an interview with Clay Banes
You come from Massachusetts--born & raised?
I was born and raised in western Massachusetts, yeah. We lived in the city when I was very, very young, which was glamorous, but then when I was five my brother was born and we moved across the river to the village where my mom had grown up, where her siblings still lived, her parents and grandparents.
How did you wind up in the East Bay? Did you leave to go to school?
I left to leave. Adventure. My dad's mom lived here, and I'd spent a couple summers with her as a boy. There was a phantom connection. Also, I'd come out a year or so before with a girlfriend, who was doing a transfer semester at the University of New Mexico in Albuquerque. We drove, which I'd never done--driven across the country. It is very dry. We drove to San Francisco and stayed for a few days with a Massachusetts friend who was then living there. One tastes, and one gets notions.
Did you initiate the reading series at Pegasus or inherit it from someone else?
I began it, in fits and starts. It wasn't planned or organized or thrust, just the odd one-offs, but pretty quickly accidents happened and there were genuinely happy connections. I'd only known the books I'd liked. I didn't know any hustle. I got lucky, and the momentum at the beginning was the zap of delight meeting other people who read this stuff for pleasure.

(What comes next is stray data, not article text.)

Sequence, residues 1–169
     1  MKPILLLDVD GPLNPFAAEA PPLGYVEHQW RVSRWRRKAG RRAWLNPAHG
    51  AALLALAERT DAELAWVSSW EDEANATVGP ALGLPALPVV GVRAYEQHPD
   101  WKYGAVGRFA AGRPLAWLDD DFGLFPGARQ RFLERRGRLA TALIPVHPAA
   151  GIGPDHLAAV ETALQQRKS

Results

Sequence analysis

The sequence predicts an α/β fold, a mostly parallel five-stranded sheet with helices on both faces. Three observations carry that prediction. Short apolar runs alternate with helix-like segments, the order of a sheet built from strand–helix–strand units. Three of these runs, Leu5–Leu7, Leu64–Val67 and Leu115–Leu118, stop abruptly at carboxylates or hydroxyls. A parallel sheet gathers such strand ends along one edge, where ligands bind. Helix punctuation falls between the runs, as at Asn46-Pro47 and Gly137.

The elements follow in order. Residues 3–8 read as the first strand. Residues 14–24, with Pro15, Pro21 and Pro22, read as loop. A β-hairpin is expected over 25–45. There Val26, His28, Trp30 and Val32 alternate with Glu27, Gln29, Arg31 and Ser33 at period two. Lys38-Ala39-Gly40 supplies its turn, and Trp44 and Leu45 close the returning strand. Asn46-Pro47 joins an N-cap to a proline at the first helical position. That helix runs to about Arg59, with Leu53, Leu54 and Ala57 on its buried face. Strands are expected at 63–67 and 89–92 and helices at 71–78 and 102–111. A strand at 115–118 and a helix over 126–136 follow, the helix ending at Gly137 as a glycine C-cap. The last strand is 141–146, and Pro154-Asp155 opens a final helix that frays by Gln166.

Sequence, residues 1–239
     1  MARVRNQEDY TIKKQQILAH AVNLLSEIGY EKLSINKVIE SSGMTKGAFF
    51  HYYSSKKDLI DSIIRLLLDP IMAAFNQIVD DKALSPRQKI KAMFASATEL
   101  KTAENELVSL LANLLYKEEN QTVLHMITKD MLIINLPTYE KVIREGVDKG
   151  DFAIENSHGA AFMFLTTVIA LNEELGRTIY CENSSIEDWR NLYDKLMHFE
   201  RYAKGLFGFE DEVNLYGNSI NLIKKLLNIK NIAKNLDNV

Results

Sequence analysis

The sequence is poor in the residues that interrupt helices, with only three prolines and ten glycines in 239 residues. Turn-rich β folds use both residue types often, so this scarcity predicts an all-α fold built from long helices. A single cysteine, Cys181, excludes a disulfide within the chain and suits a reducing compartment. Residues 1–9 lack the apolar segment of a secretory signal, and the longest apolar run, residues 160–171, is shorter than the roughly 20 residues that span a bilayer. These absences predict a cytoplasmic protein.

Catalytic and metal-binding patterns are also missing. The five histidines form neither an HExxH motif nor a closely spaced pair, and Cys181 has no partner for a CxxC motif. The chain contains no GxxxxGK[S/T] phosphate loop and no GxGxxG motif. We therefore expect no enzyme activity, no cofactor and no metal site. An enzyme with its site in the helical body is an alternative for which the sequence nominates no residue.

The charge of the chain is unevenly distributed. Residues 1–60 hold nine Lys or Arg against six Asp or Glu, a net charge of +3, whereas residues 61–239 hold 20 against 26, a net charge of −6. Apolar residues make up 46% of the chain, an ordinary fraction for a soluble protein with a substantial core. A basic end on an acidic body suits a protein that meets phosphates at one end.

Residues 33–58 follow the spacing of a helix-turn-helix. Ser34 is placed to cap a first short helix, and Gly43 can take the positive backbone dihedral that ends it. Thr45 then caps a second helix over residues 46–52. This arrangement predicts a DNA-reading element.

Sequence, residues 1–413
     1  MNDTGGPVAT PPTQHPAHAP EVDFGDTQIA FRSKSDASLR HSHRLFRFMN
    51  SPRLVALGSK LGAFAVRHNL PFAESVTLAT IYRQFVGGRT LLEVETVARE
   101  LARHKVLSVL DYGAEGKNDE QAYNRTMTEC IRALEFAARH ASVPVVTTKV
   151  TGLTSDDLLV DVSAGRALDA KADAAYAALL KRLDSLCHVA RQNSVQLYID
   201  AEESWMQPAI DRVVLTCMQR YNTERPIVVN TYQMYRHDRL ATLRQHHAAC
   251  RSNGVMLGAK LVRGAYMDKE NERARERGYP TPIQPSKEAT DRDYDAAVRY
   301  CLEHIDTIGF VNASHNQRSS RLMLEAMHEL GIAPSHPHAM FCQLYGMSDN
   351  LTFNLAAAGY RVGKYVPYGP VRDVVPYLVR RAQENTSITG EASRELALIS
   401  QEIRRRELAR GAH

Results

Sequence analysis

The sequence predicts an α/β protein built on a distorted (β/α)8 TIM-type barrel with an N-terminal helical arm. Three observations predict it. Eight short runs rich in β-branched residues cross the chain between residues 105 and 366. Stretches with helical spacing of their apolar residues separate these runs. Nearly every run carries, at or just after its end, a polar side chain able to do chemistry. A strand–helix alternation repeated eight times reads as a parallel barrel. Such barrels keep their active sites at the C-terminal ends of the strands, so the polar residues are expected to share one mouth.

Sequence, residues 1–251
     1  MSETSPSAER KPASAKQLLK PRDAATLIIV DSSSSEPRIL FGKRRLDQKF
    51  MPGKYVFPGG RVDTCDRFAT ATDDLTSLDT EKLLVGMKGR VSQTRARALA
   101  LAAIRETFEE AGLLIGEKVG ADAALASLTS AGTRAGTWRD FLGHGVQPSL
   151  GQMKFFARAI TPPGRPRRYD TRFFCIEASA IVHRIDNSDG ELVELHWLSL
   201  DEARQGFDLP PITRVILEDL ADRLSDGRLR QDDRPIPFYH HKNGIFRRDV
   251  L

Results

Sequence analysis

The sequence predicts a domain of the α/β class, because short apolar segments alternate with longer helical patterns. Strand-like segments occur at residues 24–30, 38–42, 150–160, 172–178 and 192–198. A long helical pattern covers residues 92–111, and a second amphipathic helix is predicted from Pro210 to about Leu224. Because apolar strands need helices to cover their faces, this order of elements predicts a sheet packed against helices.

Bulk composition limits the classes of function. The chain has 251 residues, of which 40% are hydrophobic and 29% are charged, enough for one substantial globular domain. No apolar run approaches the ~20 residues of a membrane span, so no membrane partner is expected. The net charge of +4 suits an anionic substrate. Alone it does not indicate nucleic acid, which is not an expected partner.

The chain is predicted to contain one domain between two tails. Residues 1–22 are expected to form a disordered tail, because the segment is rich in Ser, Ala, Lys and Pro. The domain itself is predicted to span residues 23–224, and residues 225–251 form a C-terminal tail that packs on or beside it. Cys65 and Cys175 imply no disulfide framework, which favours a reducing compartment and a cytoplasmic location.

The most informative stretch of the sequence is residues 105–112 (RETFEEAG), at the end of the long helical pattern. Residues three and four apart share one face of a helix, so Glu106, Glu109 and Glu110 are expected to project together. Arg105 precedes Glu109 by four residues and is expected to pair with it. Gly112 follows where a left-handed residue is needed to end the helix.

How do you feel about poets contacting you and asking if they can come read at Pegasus?
I am always happy to hear from poets who'd like to read at Pegasus.
What's the relationship between running the series and your own experience of writing poetry?
I'll have to get back to you on that. I'm very vain, so I stopped writing for production a while ago. I thought with the deep return to poetry, ordering books and hosting poets, I'd get back to it. Unfortunately, I'm still vain. I've read more widely, because of the readings, and I've had the top of my head taken off in scores of new ways. My own writing hasn't caught up to it yet. I've felt indebted to poetry, which sounds corny, but only because I like it. We're good. I hope we stay good.
Did you study writing in school? MFA?
I've been studying writing since I learnt to read. I like it. I don't have an MFA, but I have participated in a workshop. They seem as valid as so many arguments, but it also seems valid that it would not take any particular strain on the imagination to come up with something completely different.
How's the writing going this week?
I'm clearing my head.